Most of the really important upgrades are internal, although some are initially easy to overlook. The stabilisation algorithm has been improved, so while the degree of compensation remains roughly the same as before, the camera is much better at telling the difference between camera shake and genuine movements. In use you notice it straightaway, allowing you to frame, recompose and track much more easily at longer focal lengths. Sadly there’s still no built-in ND filter though, apparently a significant challenge on this particular lens range.
The addition of Bluetooth is very welcome, and again like recent Sony cameras also sporting the feature, allows the RX10 Mark IV to pair with your phone to retrieve and automatically embed GPS locations on your images without effort. The initial pairing process takes a few steps and you’ll need to make sure the camera is selected for location logging in the Play Memories app on your phone – and that the app is running too – but once configured it all works very well without further intervention.
In terms of movies, you can still film 4k in 24, 25 or 30p with a mild crop, or 1080 up to 120p; there’s also Sony’s HFR modes which allow you to capture at 240, 480 or 960fps, now with maximum recording times of four or seven seconds in Quality or Shooting Priority respectively. Here’s a handheld clip showing the full 25x optical range of the zoom in practice in 4k at 24p.
Existing Sony owners will know their imaging pipeline has long had sufficient bandwidth to actually record two different video streams simultaneously if desired, perhaps to create an instant smaller version for sharing. The engineers have taken this concept further on the RX10 Mark IV so that the smaller 720p version can now share the same metadata and time-code as the original high resolution version, allowing it to act as a proxy file for easier editing; you can of course also use this smaller version for quicker sharing.
Focus peaking has been greatly improved thanks to the use of a higher resolution baseband image, allowing the camera to more clearly indicate the area in focus and do it more accurately and reliably too. Previously when only small patches of the subject would show peaking, now the RX10 Mark IV shows much clearer areas; indeed the focus peaking is superior to any Alpha to date. Pro video shooters will also appreciate the presence of both S-Log 2 and S-Log 3 via the Picture Profiles. Here’s a clip filmed with Picture Profile 8 / S-Log 3 for subsequent grading.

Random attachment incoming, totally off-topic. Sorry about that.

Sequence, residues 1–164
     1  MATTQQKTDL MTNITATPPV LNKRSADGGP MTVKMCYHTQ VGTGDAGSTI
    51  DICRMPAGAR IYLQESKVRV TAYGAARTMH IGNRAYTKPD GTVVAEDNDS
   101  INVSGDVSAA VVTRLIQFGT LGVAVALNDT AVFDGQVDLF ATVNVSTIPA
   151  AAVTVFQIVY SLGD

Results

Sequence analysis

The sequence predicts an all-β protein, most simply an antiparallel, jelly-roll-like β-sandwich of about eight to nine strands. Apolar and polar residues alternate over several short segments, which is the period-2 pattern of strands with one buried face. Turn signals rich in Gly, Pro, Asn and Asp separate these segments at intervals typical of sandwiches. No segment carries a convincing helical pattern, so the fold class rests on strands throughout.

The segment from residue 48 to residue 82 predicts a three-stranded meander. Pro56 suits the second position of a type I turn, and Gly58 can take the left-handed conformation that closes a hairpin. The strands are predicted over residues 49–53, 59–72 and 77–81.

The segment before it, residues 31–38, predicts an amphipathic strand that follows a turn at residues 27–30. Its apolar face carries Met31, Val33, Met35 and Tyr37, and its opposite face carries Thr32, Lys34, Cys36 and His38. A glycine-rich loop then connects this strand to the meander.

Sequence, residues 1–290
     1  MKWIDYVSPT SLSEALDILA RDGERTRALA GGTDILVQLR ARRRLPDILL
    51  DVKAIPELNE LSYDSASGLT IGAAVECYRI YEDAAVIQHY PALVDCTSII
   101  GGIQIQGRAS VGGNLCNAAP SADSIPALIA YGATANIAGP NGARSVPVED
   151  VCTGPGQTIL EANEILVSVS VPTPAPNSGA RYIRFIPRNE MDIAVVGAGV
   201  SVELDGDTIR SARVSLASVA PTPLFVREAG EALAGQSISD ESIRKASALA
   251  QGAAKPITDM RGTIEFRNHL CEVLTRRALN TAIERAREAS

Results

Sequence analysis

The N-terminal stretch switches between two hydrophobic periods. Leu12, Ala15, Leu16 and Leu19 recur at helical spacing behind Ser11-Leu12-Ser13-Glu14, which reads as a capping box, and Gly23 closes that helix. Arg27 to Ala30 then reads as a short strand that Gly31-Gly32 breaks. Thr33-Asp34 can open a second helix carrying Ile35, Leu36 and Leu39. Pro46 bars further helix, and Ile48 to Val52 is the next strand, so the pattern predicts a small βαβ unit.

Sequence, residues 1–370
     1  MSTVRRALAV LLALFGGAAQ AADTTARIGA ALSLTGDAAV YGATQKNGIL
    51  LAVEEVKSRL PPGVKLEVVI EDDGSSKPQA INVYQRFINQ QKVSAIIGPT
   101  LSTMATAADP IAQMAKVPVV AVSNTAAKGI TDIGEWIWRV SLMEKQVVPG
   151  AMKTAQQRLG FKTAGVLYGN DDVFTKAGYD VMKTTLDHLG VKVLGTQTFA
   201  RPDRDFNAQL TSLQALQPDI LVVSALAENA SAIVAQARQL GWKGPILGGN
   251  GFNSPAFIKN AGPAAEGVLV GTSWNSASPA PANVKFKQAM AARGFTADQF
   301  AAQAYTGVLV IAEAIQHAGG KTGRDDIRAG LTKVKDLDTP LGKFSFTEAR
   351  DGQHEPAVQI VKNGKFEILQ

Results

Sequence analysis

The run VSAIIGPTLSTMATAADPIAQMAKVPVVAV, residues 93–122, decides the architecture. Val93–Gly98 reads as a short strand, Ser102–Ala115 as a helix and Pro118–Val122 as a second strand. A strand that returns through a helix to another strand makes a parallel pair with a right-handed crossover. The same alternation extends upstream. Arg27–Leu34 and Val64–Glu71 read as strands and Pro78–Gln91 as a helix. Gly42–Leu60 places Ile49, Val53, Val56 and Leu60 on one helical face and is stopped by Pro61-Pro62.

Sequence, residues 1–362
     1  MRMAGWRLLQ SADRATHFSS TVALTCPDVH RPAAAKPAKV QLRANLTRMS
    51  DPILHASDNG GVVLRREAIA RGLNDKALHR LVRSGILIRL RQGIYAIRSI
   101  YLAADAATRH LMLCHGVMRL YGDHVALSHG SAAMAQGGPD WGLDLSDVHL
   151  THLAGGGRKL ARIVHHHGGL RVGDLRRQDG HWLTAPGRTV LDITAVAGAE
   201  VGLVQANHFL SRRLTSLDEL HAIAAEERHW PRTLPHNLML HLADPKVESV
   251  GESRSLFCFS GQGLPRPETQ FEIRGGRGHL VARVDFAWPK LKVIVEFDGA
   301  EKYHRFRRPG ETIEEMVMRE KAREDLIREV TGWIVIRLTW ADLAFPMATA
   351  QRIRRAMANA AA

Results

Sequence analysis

The big news is of course the new sensor with the embedded phase detect AF system, inherited from the RX100 Mark V. Coupled with the front-side LSI, enhanced BIONZ X processor and AF algorithms which, according to Sony engineers, contain the essence of the A9, the RX10 Mark IV is transformed into a camera you can genuinely use to shoot fast action.
315 phase-detect AF points are embedded on the sensor, covering 65% of its total area, or roughly 80% horizontally and vertically; these figures make it sound like there’s big gaps around the edges, but the rectangle of coverage almost touches the top and bottom of the frame, leaving a strip on either side.
The AF system is driven by similar algorithms to the flagship Alpha A9, including Sony’s High Density Tracking AF Technology, which does a great job at identifying and keeping hold of the subject. There’s a variety of zoning, expand or single area options, but in use, I found the Wide area mode generally locked-onto the desired subject wherever it started – and ended-up – on the frame. If you’re shooting portraits, there’s accurate Eye AF and you can also now configure one of the customizable buttons to offer AF-On functionality if you prefer to keep it separate from the shutter release. The RX10 Mark IV also inherits the excellent Recall Custom Setting During Hold option which allows you to configure three banks of custom settings including the AF area and shooting mode – brilliant for switching between your general and fast action settings.